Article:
Tonight’s story features a great word that I haven’t heard in other stories: mayoimono! This is another word for ghost, and literally means “lost/wandering thing.” I love it. It reminds me of mayoibune, the wandering ghost ships on the Sea of Japan. While mayoimono is beautifully descriptive word, it’s also pretty undefined. Our ghost tonight resembles what is called a fudakaeshi, a ghost that asks strangers to remove protective talismans (fuda) from doors so that they can enter and cause mischief!
Two other words in the title also may be a source of confusion. First Go’ō. Go means cow and ō means king/lord. This is one particular way of saying the name of Gozu Tennō (“cow-headed celestial king”), a major Shinto-Buddhist god with the head of a cow. Gozu Tennō goes by many names besides Go’ō, and is a tatarigami who is an incarnation of the Shinto deity Susano’o and the buddha Yakushi nyōrai. The Gion district in Kyoto is named for him, and the Yasaka Shrine in Gion is one of his major shrines. It was created in 656 CE as a way to enshrine this hostile god of pestilence and disaster and to protect the city of Kyoto from it. Gods like Gozu Tennō are scary if you’re on their bad side, but great if you’re on their good side, which is why the ghost in tonight’s story was so afraid of his talisman!
Finally, Nigatsudō is a major temple that is part of the extremely famous temple complex Tōdaiji in Nara. Being such an important temple, the talismans sold here must be quite powerful. So its no wonder they held this ghost at bay.
The talisman in the painting tonight is the actual Go’ō talisman from Nigatsudō that is sold today. I don’t know if that is what it would have looked like in the mid-17th century when this story would have been written, but it’s a safe guess that it might not have changed too much.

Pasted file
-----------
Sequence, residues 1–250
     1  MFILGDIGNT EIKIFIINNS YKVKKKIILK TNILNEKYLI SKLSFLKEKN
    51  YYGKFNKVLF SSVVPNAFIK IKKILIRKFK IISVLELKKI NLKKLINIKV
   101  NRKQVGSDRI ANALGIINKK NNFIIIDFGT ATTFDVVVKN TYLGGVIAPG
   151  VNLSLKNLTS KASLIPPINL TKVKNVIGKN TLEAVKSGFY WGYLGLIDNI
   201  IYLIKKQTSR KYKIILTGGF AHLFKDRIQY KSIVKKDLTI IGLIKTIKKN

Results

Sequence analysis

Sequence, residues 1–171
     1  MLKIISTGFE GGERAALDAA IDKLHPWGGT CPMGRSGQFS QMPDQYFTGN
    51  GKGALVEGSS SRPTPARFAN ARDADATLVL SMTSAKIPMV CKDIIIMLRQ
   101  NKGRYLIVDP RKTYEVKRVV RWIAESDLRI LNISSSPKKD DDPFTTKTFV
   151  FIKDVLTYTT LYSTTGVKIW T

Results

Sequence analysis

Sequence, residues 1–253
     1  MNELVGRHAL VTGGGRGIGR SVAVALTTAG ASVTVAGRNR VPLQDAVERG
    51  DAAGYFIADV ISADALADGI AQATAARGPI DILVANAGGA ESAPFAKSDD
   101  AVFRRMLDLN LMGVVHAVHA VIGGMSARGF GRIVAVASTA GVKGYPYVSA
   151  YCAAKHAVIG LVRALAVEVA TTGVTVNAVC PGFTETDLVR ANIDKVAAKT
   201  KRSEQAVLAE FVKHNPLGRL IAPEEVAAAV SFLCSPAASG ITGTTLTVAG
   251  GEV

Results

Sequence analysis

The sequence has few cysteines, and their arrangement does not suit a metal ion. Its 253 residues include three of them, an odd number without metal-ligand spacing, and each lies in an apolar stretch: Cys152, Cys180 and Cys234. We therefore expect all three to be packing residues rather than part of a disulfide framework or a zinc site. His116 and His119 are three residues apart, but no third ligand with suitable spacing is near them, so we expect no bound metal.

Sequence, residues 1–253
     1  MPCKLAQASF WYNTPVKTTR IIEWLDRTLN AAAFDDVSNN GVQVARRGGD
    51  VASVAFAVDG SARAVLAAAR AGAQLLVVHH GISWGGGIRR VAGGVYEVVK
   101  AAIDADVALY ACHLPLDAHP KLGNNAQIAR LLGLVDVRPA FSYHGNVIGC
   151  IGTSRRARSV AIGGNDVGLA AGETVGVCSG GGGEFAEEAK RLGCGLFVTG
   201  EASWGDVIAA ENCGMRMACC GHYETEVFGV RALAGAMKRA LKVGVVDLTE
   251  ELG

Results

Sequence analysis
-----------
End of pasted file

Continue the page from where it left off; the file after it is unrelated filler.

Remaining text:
The Mayoinomono That Was Afraid of the Go’ō of Nigatsudō
At a certain graveyard, there was a burial mound that burst into flames three times every night and called out in a woman’s voice: “I’m so lonely! So lonely!” It was so eerie that nobody was willing to investigate it.
Three young men held a meeting and decided to go investigate. So one night at midnight, they went there together, and the bravest one of them sat down upon the mound. Sure enough, from within the mound came a terribly sad voice that seemed to lament, “I’m so lonely! So lonely!” Then, an icy hand strongly grabbed the man’s waist from behind.
The man was brave by nature, so he did not make any fuss, but merely called his two companions over and had them check his back. The two of them were terribly surprised, and they ran home without looking back.
So the man said, “Who are you to grab onto my waist? Explain yourself!”
The voice in the mound replied, “Well, well, I have never seen a man as brave as you before. I am the wife of a blacksmith in Sanjō Muromachi, and I was poisoned by the woman next door. Moreover, not even three weeks after I was murdered, the woman next door married my husband. The more I think about it, the more angry I feel. Every night I go to their door, but a talisman from the Go’ō of Nigatsudō is affixed to the gate, and I am too scared to enter. And so I am lost in the darkness of my devotion. Please, please remove the Go’ō talisman from the blacksmith’s gate. If you do so, the flames of resentment for this world will clear away.”
The man took pity on her. He went to see the blacksmith’s house, and lo and indeed there was a talisman of Go’ō affixed to the gate. He tore off the talisman and stood off to the side to watch. Suddenly a mass of black clouds whirled up, then a light the size of a paper lantern appeared above the blacksmith’s house and flew inside.
Two voices screamed. Then, the ghost came out of the blacksmith’s house carrying the heads of the husband and wife.
She turned to the man and said, “Well, well, thanks to you I am free from my obsession of so many years. I am grateful.” She handed him a sack. “This is in return for your kindness,” she said, and then disappeared into thin air.
The man was amazed. He opened the bag and looked inside to find ten gold coins. He used the money to purchase a new grave tablet and hold a memorial service for the woman, and nothing strange ever happened at the burial mound after that.